This spring, one of the several signs that New York City was bursting back to life was a discreet notice on an empty Upper East Side storefront: MANOLO BLAHNIK OPENING SOON. For his entire half-century career, the 78-year-old, U.K.-based master shoe designer has believed in the regenerative possibilities of the city. It was Diana Vreeland, after all, who prodded the young aesthete onto his professional path during his first Stateside visit. “America has always been a home to Manolo Blahnik,” says Kristina Blahnik, the designer’s niece and the C.E.O. of this family-owned company.
Partly in tribute to the silver-screen idols whom Blahnik has revered since childhood, he decided to decorate the new U.S. headquarters in a whimsically opulent “Hollywood Regency” style, conjured up in collaboration with the interior designer David Thomas. As the landmarked town-house flagship at 717 Madison Avenue is double-fronted, its architecture suggested to them twin entryways, the northern one for the women’s boutique and the southern one for the men’s. Connected inside by an arch, the conjoined spaces have all the fanciful, prismatic vivacity of the shoes themselves—think cherry red, forest green, yolk yellow, peacock blue, plus stripes and polka dots.
It was Diana Vreeland, after all, who prodded the young aesthete onto his professional path during his first Stateside visit.
Should customers feel overwhelmed by the splendor of the shoes on display—some are elevated atop pedestals—a remedy is at hand in the gleaming brass bar, the shop’s “social area and a real focus for the entire space,” observes Kristina.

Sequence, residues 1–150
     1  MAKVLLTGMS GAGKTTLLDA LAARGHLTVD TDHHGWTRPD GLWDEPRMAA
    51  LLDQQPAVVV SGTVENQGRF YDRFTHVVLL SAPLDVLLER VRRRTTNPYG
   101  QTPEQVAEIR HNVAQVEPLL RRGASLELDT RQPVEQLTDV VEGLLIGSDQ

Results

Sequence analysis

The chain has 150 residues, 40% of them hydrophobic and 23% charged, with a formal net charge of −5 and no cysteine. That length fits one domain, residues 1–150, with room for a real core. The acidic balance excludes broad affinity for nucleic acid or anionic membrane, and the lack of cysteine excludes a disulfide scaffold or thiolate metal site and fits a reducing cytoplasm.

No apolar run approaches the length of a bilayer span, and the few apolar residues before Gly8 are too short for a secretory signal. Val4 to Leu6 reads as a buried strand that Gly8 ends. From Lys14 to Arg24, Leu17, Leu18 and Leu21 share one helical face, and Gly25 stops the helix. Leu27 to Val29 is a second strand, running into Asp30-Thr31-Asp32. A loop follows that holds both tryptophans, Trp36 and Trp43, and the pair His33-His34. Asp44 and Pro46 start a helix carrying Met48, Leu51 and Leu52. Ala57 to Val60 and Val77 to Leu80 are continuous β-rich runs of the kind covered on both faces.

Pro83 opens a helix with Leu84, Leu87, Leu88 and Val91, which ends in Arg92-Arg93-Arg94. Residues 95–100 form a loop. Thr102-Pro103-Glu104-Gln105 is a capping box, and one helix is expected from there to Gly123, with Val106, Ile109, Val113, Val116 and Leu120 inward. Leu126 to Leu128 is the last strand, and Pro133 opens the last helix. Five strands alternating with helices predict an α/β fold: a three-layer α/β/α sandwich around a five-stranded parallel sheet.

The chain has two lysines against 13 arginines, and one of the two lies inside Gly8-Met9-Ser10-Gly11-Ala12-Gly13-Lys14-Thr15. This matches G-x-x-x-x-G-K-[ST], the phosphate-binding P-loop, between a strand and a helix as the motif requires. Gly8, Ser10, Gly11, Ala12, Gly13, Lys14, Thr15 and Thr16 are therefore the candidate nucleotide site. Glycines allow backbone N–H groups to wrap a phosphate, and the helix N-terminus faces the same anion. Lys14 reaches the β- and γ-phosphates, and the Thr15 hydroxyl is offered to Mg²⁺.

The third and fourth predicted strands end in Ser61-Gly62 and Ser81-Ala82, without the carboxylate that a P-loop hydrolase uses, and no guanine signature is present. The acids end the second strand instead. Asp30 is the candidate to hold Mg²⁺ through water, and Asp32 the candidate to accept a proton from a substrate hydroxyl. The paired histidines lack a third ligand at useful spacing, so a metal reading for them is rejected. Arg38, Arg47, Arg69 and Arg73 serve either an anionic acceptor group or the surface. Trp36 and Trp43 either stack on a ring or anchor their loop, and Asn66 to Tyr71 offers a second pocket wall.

Manolo devotees may want to show up at the emporium as soon as possible in order to snag a pair of heels from the limited-edition capsule collection, available only at the Madison Avenue location. (Other Manolo Blahnik outposts can be found in London, Paris, and Geneva.) Blahnik’s favorites from the eight-style range are either festooned with faux coral—a tribute to the tastes of his mother and grandmother—or embellished with grommets, which evoke for him the refined costumes of 18th-century dressage.
Though the presence of a comprehensive men’s line—the suede oxfords alone come in 16 colors—may seem novel to New Yorkers, in fact Blahnik has, since the 70s, been a go-to cobbler for dandies, including David Hockney, Brian Ferry, and Isaac Mizrahi, who serenaded guests during the virtual opening festivities.
Most of the salon’s cushiony sales floor, however, is reserved for the brand’s American female clients. “They know what they want,” Blahnik says. “And that, I adore.”
Amy Fine Collins is an Editor at Large for AIR MAIL. She is the author of The International Best-Dressed List: The Official Story